A Santa Monica Victorian Finds a Fresh Foodie Outlook

The Beach Club at The Victorian relaunches with a focus on Mediterranean, French, and Italian. Oh yes, and if you head upstairs? It's oyster time.

The Beach Club at The Victorian

What to Know

  • 2640 Main Street
  • Wednesday through Sunday
  • "Mediterranean, French, and Italian" are the focuses, with oysters upstairs

A sunbeam-sweet afternoon spent sauntering around Main Street in Santa Monica can result in several things happening at once.

You might gain some beachy waves, if the marine layer is strong and your tresses almost magically respond to the ocean's proximity.

You could purchase some funky finds from the thoroughfare's treasure-packed nooks, from a colorful canvas bag to mondo sunglasses.

And you'll likely pause your perambulations to wonder about one of the oldest structures holding quaint court on the walkable street, a pretty Victorian pile that looks like it has a few stories to tell.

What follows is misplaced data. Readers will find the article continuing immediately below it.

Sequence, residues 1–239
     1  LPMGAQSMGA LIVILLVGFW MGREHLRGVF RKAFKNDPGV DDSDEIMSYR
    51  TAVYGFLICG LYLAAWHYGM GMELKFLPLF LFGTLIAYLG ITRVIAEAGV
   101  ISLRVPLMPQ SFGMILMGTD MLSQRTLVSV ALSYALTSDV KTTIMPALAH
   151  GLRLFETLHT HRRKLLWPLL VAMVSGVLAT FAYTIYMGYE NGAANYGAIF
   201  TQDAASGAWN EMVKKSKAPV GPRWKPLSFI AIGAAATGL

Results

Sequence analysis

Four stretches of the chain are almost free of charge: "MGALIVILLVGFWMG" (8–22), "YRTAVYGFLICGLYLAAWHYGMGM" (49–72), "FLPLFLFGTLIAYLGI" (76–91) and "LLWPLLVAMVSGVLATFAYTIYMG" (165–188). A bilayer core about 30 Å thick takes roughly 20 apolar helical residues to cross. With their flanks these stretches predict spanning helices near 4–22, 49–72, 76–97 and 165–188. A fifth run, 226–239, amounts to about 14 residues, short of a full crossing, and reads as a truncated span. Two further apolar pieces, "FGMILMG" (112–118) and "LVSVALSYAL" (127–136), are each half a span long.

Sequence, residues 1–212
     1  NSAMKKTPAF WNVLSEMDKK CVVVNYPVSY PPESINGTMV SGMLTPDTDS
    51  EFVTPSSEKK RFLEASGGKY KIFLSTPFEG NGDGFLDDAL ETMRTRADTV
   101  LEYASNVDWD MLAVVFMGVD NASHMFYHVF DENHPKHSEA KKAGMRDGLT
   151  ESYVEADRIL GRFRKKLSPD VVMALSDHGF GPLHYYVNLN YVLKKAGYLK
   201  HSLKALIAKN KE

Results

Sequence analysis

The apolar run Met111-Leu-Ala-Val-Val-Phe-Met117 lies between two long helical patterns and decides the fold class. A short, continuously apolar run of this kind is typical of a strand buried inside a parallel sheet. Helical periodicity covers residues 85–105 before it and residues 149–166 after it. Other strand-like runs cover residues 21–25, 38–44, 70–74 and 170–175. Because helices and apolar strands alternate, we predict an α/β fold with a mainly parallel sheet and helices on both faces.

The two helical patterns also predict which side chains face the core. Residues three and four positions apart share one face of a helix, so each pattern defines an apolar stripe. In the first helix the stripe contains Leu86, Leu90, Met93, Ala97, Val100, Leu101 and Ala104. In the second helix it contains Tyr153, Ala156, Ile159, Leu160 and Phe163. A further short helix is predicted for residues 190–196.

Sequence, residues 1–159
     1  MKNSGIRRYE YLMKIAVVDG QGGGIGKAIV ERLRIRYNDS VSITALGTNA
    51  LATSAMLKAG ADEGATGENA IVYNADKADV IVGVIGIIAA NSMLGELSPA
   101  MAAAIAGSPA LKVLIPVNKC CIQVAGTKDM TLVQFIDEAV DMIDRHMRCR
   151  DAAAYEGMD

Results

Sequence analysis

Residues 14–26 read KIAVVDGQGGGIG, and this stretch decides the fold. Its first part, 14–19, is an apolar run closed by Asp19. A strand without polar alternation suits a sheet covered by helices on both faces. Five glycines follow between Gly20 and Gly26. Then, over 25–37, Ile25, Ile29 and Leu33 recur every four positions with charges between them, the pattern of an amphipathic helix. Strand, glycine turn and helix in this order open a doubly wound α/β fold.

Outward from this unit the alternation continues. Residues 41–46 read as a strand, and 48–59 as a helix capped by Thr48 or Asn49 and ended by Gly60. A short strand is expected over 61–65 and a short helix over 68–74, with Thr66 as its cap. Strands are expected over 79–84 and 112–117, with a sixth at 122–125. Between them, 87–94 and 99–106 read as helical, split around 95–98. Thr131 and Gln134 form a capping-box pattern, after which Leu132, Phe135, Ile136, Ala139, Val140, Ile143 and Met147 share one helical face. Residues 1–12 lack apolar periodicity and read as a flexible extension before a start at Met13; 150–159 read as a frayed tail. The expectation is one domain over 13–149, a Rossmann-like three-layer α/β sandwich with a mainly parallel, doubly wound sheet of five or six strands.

It does, most certainly, and now the vintage building at 2640 Main Street has another: It recently re-debuted as Beach Club at The Victorian, an airy space devoted to flavorful Mediterannean, French, and Italian fare.

Those offerings include a succulent lobster roll, oysters (they're freshly shucked), and the cooked-on-a-flat-top Beach Club Burger, which gains its hearty oomph from ground brisket.

Chef Justin Aquino, formerly of Mastro's in Beverly Hills and Underground Prep, is at the helm of the 1880s-meets-2020s experience.

"I’m thrilled to be a part of The Victorian’s new culinary chapter," said Chef Aquino.

"Through this menu, I'm paying homage to the destinations that inspire me blended with treasured family favorites. My goal was to create a compilation of dishes that keeps patrons coming back and I’m looking forward to welcoming returning and new guests."

By the by, buildings sometimes have a way of moving around in Southern California, which is the quirky case with this Main Street gem.

It started its story on Ocean Avenue in the final years of the 19th century, but found new purpose, and a fresh future, on Main Street in 1973.

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